Altruistic Reasons To Set Up A Trust
When the 99 percent hear about trust funds, they tend to think about rich people spending lots of money on frivolous things and not paying taxes on any of it, but they’re just jealous. You don’t have to be especially wealthy to set up a trust. You just have to plan carefully. People use the money in trusts for the same purposes for which they would designate assets in their wills and for which they would use the savings in their personal accounts during their own lifetimes. A trust is a way of making your money technically not belong to you or to your estate. Whether your money legally belongs to you or to a trust in your name has no relationship to where you are on the spectrum from rich to poor or from generous to stingy. An Orlando estate planning lawyer can help you work out the details of establishing a trust.
Putting Your Wishes in Writing When Everyone Is Sure That You Really Mean It
A living trust starts making financial transactions according to your instructions in the trust document as soon as you establish it and fund it; by contrast, a testamentary trust does not come into existence until after you die. A living trust can be revocable, meaning that you can modify the trust document, or irrevocable, meaning that you cannot modify the trust document. If you set up an irrevocable trust while you are alive and well, no one can claim that it was something you did on your deathbed because of undue influence.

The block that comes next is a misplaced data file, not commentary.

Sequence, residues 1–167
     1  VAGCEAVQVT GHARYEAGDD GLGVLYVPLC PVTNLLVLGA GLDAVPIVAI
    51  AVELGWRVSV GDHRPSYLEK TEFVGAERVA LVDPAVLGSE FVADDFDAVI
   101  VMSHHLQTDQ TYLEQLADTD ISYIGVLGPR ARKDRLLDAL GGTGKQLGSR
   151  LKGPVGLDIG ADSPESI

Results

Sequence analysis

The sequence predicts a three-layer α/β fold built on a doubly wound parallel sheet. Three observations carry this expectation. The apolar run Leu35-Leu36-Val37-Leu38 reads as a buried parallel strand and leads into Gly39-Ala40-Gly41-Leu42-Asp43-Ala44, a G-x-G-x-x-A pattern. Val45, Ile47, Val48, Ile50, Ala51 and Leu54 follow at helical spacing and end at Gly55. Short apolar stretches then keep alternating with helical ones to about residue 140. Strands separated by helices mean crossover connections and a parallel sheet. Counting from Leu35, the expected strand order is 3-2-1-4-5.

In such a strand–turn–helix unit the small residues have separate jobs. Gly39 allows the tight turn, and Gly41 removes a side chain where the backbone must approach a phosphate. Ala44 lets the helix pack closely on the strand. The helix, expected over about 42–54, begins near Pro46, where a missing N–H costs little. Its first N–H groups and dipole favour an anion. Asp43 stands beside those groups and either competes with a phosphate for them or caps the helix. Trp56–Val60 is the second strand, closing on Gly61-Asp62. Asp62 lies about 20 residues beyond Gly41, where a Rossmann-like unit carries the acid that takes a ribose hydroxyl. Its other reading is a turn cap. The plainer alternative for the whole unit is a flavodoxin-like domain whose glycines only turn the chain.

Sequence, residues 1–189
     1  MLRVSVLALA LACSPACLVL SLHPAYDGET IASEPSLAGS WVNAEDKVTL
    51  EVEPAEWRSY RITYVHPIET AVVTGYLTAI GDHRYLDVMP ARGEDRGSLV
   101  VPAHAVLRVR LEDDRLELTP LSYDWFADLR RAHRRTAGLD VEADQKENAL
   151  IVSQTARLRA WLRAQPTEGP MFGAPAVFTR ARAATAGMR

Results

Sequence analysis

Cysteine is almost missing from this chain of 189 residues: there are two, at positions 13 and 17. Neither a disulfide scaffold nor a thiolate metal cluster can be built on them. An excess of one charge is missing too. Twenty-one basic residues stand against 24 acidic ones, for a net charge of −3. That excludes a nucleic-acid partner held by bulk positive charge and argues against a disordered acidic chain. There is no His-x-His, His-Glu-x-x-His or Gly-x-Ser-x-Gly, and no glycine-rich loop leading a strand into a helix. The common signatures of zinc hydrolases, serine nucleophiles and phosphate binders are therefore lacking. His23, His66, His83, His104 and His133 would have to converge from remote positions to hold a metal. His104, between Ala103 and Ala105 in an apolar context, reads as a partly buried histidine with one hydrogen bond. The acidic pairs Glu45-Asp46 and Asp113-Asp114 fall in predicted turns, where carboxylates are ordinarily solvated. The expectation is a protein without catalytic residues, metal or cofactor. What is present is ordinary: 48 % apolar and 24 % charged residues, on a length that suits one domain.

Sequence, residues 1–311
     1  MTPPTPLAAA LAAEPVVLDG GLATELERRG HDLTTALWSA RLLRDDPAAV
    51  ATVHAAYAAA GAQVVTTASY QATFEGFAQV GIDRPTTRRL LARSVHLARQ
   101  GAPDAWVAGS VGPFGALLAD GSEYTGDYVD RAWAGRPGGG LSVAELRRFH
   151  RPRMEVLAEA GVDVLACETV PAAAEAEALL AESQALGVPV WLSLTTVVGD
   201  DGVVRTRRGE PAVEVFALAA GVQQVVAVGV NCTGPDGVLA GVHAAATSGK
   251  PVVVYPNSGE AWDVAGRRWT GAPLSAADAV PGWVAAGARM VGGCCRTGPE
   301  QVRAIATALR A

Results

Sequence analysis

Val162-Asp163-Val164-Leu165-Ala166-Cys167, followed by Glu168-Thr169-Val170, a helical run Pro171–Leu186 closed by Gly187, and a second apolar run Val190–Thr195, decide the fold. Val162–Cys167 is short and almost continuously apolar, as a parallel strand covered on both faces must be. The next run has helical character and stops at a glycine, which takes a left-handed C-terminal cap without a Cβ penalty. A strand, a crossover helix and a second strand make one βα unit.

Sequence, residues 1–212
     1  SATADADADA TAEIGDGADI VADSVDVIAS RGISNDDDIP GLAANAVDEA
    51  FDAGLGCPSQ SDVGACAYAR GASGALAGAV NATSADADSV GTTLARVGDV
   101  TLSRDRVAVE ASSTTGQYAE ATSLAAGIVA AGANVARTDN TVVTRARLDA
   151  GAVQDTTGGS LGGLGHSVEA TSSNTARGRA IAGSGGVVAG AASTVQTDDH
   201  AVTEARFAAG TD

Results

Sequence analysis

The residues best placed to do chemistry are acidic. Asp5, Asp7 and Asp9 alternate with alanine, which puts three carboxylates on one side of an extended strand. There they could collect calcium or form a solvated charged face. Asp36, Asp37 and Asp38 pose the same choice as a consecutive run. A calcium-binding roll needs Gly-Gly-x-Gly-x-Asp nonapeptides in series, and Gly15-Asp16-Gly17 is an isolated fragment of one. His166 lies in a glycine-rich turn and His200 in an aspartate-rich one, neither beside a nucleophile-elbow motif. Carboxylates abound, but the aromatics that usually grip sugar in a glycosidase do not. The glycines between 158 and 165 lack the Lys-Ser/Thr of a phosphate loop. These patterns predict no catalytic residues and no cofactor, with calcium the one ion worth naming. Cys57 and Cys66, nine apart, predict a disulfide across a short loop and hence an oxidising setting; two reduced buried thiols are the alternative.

Protecting Your Family Members From Their Worst Selves
A lot of people want to name their close family members as beneficiaries of their wills but are afraid of what the beneficiaries will do if they suddenly inherit money from you. If your daughter has been sober and living paycheck to paycheck for the past ten years, will she relapse when she receives an inheritance? If your son gets a lump sum inheritance, will he spend half of it on extramarital affairs and lose the other half in his divorce? A trust can pay out your heirs’ inheritance in monthly installments, so that it reaches them as a source of stability instead of as a Trojan horse.
Giving Money to Charity Instead of to the IRS
As with a will, the beneficiaries of a trust can be anyone you choose, including family members, friends, or charitable organizations. If your goal is to leave your money to a charity after you die, you can accomplish this at least as easily with a trust as you can by having the personal representative of your estate transfer the money to the charity when your estate settles. A trust means more money for the charity and its beneficiaries and less money for the IRS.
Contact Gierach and Gierach About Establishing a Trust
An estate planning lawyer can help you set up the best kind of trust for the purpose for which you want to use it. Contact Gierach and Gierach, P.A. in Orlando, Florida to discuss your case.